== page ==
“I’m late, I’m late! For a very important date!” Lewis Carroll’s rabbit put it perfectly in Alice in Wonderland. Here’s the truth: I’ve been working on a book linked to this blog for too many years to admit. Put that way, I guess I’m only sharing part of the truth.
This year has been difficult for everyone, full of weird twists and turns, but a book has been a perfect, hunker-down, slow-burn, pandemic project. It made this night owl want to get up in the morning – even though there was nowhere to go.
Nowhere to go in the physical sense, I should say, because every day I was travelling in my mind back to our second hometown of Antibes in France’s Côte d’Azur.
“Start out with your book,” Lolo advised me. I always dread the blank page at the start of this summer series and had asked my 16-year-old for her advice. She suggested a bridge between my two worlds: Canada and France. The school year and the summer holidays. My subdued physical space and my more vibrant head space. “Write about your book.”
The book is the reason I’m late for this season’s important date. My heroic and erudite editor delivered her (final? penultimate at least?) batch of comments, and I needed to finish reviewing them. I’ve been here in Antibes, but I’ve been hiding.
Why do I feel so immediately at home inside Bellevue this summer? Lolo and my husband Philippe feel it, too. Maybe it’s pandemic-time. Nothing feels like it’s supposed to. But for me, the unexpected ease must come from my book project. I’ve been here every day for the past year. It’s like I never left.
The centrality of our home within the manuscript became clear as I scribbled-with-intent one January morning in Toronto. Outside, snow was drifting from a grey sky and adding another layer to our white garden. A woolen blanket spread across my lap, and seated at the wooden writing desk that had belonged to my grandmother, I doodled on a sheet of paper. I’d always known that the past was as important to my work as the present was, but how could I show it? How could I link Antibes’ history, and Bellevue’s past, to my present-day story in a satisfying way?
That was when my pencil swooshed across the page with an arrow that joined one blob of words to another. This thing had prompted that thing. That other thing had prompted the first thing. Chicken-and-egg. Egg-and-chicken. It was glorious. And at the root of the discovery was Bellevue.
We bought this construction site on the bay beside Antibes over 15 years ago, and every time we return to her, we still discover the next thing that needs fixing. Often times the culprit has been the air-conditioning or the WiFi. This year it was only the espresso machine that had conked out – but “only” isn’t the right word for a household that is hooked on coffee. No matter Bellevue’s ills, she has been more than a shelter to us. She is a thorn; she is a lure; she is a connector. And, I realized on that snowy day in Toronto as my pencil spanned the past and the present in one glorious arc, Bellevue has been a motivation to learn new things. Like finnicky français, for starters.
Scouring the internet often leaves me sorry that I wasted my time, but during one bout of research, I found a website about Antibes’ heritage and a list of the city’s notable buildings. Our home ranked among them, and the webpage described her as néo-provençal and éclectique.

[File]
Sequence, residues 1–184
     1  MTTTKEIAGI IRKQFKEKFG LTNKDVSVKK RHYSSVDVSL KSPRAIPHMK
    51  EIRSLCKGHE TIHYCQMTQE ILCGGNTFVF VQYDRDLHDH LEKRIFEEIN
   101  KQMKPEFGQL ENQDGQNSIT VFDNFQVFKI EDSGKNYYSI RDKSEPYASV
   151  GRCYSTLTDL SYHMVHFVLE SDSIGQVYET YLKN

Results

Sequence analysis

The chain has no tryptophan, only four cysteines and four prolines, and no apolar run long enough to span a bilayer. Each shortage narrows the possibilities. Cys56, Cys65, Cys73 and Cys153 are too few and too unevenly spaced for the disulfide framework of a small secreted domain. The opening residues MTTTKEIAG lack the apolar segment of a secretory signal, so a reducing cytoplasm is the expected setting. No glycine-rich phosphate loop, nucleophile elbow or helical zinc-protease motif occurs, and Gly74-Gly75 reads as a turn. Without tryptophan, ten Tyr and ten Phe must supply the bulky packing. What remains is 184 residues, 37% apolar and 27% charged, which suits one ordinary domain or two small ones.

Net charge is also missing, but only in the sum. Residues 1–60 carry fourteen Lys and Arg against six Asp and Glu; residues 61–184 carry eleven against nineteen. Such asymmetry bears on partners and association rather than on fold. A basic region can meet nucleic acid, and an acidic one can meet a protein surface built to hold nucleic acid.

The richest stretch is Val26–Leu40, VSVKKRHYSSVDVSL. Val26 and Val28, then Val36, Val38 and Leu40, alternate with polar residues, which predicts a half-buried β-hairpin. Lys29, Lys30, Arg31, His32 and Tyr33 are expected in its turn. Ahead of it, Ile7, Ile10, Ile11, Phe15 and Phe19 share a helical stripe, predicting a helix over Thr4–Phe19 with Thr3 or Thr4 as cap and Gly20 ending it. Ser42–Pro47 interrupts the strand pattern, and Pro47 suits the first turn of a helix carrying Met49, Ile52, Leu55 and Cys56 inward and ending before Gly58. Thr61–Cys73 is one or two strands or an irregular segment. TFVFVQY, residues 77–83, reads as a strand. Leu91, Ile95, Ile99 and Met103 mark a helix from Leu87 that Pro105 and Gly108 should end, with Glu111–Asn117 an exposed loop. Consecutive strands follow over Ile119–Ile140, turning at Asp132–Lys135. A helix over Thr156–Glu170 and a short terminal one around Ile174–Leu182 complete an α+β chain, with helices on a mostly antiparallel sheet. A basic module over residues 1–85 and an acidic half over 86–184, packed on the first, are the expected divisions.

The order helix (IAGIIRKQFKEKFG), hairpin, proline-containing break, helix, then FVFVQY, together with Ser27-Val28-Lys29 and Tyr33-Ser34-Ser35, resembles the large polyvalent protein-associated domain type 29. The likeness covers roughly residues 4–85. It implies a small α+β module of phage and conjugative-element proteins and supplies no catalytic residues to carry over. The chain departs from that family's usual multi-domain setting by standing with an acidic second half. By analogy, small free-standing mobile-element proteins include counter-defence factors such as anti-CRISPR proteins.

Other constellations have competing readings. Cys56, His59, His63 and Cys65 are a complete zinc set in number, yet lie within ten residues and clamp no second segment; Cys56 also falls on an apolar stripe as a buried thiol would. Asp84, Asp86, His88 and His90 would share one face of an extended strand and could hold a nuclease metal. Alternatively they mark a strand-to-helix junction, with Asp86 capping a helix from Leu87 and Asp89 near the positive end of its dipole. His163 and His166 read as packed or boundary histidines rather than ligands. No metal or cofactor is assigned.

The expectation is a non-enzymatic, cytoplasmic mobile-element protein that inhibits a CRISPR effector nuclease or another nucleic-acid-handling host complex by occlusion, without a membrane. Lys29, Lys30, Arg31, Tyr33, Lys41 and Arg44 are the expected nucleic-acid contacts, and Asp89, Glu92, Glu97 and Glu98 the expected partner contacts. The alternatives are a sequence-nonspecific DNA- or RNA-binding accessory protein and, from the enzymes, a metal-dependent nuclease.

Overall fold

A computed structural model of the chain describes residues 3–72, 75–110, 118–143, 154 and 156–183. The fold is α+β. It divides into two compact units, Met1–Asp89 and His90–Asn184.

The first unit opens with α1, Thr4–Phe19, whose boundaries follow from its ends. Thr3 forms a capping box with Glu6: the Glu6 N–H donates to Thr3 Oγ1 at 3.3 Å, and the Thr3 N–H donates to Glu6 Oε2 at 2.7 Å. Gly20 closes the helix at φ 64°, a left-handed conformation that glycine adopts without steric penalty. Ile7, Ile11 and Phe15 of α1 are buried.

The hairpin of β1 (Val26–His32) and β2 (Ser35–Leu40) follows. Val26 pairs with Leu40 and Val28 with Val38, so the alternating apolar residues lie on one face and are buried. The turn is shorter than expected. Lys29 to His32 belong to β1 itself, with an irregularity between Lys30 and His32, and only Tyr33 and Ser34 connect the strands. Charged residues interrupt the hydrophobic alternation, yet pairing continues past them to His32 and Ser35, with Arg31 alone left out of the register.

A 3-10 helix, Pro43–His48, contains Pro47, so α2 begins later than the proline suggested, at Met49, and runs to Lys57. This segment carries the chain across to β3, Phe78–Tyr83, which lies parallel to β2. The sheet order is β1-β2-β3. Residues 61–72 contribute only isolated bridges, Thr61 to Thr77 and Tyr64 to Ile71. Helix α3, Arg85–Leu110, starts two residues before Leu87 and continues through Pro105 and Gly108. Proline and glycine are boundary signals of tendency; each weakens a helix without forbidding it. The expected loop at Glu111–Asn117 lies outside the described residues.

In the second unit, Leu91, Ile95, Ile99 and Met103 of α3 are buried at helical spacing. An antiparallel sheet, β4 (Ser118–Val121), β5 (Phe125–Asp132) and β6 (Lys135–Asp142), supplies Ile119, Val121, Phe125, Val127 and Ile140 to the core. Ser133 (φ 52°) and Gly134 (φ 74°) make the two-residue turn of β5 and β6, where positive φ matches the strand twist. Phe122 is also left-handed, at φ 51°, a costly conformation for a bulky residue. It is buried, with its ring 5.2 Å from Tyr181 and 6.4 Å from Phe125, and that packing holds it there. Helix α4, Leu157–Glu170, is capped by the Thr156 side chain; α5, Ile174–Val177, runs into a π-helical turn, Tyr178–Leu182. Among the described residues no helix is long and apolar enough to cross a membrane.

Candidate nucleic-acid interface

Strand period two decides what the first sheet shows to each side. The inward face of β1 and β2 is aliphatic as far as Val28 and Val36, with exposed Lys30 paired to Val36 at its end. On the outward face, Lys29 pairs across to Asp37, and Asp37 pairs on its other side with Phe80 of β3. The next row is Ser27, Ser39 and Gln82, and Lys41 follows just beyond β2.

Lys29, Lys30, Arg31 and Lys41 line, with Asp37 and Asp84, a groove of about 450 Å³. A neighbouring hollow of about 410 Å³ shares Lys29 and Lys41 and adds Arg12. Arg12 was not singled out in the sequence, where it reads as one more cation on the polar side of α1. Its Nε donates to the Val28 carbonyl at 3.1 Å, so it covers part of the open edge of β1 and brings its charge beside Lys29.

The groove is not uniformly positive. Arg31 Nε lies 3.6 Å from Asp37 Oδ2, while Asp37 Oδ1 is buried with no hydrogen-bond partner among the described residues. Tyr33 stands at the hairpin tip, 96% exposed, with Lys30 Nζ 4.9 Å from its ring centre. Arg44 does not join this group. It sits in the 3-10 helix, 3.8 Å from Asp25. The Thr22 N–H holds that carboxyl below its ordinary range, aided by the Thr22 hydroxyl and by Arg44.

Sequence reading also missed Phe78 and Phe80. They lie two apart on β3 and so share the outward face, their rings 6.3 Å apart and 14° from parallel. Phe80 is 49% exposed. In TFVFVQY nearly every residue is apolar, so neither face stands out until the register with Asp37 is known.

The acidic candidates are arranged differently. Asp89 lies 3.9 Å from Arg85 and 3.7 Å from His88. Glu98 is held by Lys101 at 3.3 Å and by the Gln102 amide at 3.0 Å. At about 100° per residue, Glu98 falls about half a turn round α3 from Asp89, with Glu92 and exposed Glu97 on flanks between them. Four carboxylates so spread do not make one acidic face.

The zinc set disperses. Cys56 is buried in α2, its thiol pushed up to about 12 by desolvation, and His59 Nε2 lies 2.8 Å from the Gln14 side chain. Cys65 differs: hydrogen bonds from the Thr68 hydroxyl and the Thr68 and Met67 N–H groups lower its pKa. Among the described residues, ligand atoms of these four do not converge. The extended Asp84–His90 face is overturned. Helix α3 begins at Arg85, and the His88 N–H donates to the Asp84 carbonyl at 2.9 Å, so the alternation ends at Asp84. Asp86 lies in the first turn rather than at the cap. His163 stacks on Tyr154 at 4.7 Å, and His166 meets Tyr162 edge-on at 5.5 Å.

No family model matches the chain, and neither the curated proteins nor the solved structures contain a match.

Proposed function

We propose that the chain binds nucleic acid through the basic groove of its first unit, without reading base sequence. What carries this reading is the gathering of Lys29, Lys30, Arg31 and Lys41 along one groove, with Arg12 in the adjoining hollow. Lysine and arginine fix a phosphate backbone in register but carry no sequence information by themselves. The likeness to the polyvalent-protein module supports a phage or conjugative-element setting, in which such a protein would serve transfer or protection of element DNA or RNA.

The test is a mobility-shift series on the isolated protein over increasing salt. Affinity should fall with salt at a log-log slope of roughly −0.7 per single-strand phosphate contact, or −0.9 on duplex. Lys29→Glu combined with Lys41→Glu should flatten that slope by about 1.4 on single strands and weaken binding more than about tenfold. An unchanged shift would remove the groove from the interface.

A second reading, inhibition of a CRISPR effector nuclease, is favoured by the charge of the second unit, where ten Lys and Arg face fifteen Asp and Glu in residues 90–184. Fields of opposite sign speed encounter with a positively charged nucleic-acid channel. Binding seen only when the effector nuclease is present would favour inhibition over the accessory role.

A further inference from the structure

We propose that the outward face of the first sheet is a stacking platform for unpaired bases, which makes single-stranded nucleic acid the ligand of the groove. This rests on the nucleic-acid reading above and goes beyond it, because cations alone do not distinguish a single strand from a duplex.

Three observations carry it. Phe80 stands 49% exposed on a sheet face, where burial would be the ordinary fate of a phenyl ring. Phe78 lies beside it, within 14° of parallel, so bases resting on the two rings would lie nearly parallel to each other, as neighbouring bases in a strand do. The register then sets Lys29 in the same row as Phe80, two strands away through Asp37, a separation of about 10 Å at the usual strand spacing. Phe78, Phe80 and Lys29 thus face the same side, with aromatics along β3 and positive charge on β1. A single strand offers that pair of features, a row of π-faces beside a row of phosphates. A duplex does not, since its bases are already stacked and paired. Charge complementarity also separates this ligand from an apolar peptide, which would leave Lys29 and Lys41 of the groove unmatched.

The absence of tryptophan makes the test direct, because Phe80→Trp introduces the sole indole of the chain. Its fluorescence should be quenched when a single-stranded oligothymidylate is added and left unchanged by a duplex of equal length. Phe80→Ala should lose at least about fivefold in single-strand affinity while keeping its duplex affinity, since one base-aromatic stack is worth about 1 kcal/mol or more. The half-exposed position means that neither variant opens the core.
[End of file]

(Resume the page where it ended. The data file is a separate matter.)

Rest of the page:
I could not shake that second word. Yes, Bellevue has a traditional Provençal, red tile roof atop a curious, rectangular-and-curvilinear frame. She has old-fashioned shutters as well as a modern, glass curtain onto the sea. She is eclectic in the true sense of that word. She is a hodge-podge of ideas. She cannot be put in a box. She has a personality.
Hiding at my motley maison, I’ve made my edits on the terrace. It’s shaded in the mornings, and with Antibes’ craggy old town and the Prealps as my backdrop, I’ve worked while paddleboards, kayaks, sailboats, and kids in colonies de vacances crisscrossed the bay beneath me. At lunchtime Philippe, Lolo, and I gathered in the same spot, and as seagulls darted overhead, Lolo regaled her parents with notes from her prior night’s online lecture: dark matter, kinetic energy, neutralinos, the Big Bang nucleosynthesis, and galactic morphology.
“Did you spell that right?” my teenager asked as I made notes one lunchtime for this first post. Learning about black holes didn’t rest my brain at lunchtime, but I did not complain. Lolo is passionate about her subject, and the timing of her course, which ran out of the United States, prevented any involved dinners when we first returned to town. It encouraged my task of editing.
Gros merci to readers who keep emailing me, wondering where-oh-where my blog has gone this summer. We are here. The book edits are done, and so is Lolo’s black holes course, and it’s time to come out to play.
First up, we must share how lucky we feel to be back. The year’s cocooning has increased everyone’s joy in reclaiming their habits, right? As the Côte d’Azur revs back to life, French Lessons’ luck has found a couple of four-leaf clovers. Literally, we mean. And we’ve been spending our good fortune on our canny poodle and, well, our beloved espresso machine. Life has been a mix éclectique of triumph and terror.
In the meantime, we’d love to hear from you. Say bonjour in the comments below, and if you’re so inspired, please tell us: Do you know a building with special character?
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